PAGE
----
Bush's Threadbare Chinese Quotas


By Paul Magnusson Now that the Bush Administration has slapped quotas on Chinese robes, yarn fabric, and bras, is it time to rush out and stock up on frilly foundation garments and cheap silk robes from the Middle Kingdom? Relax. The Nov. 18 decision may alarm free traders, who think it reveals a willingness by the Bush Administration to elevate politics over sound economic policy. But the quotas will barely make a dent in overall textile exports from China. The heated reactions from lobbyists on both sides of the issue are really just Washington's version of grand opera.

Beijing denounced the move "with deep regret," and Chinese exporters linked the action to next year's Presidential elections. Beijing even hinted that China might challenge the move before the World Trade Organization, where the U.S. has suffered a string of losses.

ATTRACTIVE FIGURES. That's unlikely, however. Let's look at the numbers, which show how dominant Chinese imports have become since the U.S. removed quotas on Chinese-made bras and robes in 2002. Bra imports jumped immediately from 38.4 million the year before to 127.2 million. That 231% increase gave China a 24% share of the U.S. market, up from 9% the year before. This year, China's market share climbed to 33%. The increase in another import category, robes, was even larger -- 540%.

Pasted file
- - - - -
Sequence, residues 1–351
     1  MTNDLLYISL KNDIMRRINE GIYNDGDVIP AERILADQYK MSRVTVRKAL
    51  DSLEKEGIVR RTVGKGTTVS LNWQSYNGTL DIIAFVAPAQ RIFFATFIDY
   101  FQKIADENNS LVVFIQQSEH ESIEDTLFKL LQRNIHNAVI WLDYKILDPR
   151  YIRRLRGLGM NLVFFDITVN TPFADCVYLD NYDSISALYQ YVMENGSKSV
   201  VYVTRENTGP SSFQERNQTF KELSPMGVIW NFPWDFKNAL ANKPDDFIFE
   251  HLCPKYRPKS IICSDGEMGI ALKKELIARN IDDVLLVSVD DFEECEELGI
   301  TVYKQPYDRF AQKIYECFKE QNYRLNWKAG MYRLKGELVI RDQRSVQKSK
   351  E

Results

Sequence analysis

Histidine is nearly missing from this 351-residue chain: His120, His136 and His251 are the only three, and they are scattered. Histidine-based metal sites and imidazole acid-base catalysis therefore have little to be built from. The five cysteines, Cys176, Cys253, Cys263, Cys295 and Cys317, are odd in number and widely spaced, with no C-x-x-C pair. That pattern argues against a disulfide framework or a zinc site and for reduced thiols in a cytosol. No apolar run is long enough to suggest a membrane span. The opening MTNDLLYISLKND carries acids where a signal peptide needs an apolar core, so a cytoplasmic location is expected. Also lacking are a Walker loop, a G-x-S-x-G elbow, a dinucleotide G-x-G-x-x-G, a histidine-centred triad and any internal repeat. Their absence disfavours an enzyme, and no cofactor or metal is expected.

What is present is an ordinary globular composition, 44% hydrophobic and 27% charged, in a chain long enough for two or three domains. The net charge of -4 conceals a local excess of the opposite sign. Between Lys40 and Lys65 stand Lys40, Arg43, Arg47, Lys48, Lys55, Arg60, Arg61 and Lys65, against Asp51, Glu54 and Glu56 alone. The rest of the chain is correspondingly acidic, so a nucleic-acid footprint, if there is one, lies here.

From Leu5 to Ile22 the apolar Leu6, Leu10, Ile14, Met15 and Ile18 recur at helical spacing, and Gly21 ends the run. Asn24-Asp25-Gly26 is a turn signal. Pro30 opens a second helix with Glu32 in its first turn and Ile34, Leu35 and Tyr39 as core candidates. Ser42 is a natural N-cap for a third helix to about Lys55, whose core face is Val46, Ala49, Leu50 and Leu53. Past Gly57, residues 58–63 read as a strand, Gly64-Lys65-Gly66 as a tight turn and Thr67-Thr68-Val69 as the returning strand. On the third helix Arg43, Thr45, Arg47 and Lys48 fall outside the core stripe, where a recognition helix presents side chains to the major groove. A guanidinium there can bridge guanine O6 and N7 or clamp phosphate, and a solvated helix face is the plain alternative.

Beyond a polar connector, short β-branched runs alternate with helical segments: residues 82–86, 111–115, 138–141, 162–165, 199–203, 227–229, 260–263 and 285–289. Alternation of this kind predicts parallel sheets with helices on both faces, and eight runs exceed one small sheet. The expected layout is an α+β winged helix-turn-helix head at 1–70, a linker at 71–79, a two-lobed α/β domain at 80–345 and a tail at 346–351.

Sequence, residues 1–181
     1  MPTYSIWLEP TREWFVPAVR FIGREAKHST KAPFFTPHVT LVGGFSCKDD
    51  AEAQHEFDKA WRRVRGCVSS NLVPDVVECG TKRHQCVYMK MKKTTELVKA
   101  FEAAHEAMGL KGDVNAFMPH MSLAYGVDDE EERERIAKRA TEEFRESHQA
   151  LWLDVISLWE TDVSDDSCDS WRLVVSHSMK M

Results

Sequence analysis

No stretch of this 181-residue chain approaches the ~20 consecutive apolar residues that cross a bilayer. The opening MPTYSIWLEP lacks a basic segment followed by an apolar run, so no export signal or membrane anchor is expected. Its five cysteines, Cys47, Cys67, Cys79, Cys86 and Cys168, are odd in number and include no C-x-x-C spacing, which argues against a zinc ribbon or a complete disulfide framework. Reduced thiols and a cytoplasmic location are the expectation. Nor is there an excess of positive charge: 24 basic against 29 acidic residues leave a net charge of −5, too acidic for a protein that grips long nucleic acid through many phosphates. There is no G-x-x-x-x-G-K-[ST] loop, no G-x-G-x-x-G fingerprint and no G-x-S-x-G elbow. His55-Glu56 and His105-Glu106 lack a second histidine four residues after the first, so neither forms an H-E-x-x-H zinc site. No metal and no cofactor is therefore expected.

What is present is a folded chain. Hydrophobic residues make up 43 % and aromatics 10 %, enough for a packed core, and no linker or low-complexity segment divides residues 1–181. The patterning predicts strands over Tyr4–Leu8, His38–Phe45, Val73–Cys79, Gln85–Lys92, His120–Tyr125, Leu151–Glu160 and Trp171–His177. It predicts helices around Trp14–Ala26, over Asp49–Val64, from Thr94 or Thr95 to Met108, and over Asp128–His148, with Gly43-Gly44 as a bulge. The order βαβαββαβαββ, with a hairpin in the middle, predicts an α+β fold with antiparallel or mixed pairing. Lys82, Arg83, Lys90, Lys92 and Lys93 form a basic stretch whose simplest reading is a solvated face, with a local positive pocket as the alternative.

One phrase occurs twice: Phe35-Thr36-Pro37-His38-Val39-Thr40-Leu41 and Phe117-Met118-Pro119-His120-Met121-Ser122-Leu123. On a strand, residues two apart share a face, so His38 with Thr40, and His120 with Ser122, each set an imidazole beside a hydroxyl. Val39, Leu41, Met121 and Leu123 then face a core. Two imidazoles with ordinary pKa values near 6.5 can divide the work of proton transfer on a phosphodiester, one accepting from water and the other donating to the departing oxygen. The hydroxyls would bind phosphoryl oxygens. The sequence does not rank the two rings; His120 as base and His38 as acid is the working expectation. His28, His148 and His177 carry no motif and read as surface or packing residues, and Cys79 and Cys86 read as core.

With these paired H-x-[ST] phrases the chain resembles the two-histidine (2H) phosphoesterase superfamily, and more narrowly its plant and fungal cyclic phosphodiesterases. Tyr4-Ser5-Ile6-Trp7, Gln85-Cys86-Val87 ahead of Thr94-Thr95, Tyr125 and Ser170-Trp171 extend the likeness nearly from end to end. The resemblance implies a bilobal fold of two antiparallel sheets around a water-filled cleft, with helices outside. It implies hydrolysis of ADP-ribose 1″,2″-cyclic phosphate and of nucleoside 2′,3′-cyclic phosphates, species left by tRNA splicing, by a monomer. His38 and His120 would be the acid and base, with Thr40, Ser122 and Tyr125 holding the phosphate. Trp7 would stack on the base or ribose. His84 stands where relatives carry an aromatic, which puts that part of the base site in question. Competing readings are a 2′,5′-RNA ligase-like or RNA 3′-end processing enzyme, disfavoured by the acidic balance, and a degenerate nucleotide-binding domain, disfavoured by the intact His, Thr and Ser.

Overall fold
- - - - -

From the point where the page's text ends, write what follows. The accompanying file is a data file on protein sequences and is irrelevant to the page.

So, to rescue the U.S. industry from this onslaught, the Bush Administration would have to roll back the quotas on China to the pre-2002 level. But that's not what's happening. The reimposed quotas are on the new base, plus an additional 7.5 percentage points. So even with the new figures, China could enjoy a 40% share of the U.S. bra market. No need to rush off to Victoria's Secret (LTD) or Bloomingdale's (FD) just yet.

And China hasn't got much to gain from a challenge in the WTO. To gain admission in late 2001, it had to agree to extensive economic reform. But it also had to agree to allow the U.S. to impose emergency quotas and tariffs on its exports of clothing and textiles until 2008 in the event of huge export surges to the U.S. In return, Chinese negotiators wisely cut a deal that makes American retaliation essentially meaningless. Any new quota would have to factor in the import surge and add it to the previous quota.

Finally, even if Chinese bras were banned from the U.S., it wouldn't help industry here. Bra production in the U.S. has almost disappeared anyway. Even before the quotas came off on China, foreign manufacturers had captured 85% of the U.S. market in 2001. As trade wars go, this one is already lost. Magnusson covers trade policy for BusinessWeek in Washington


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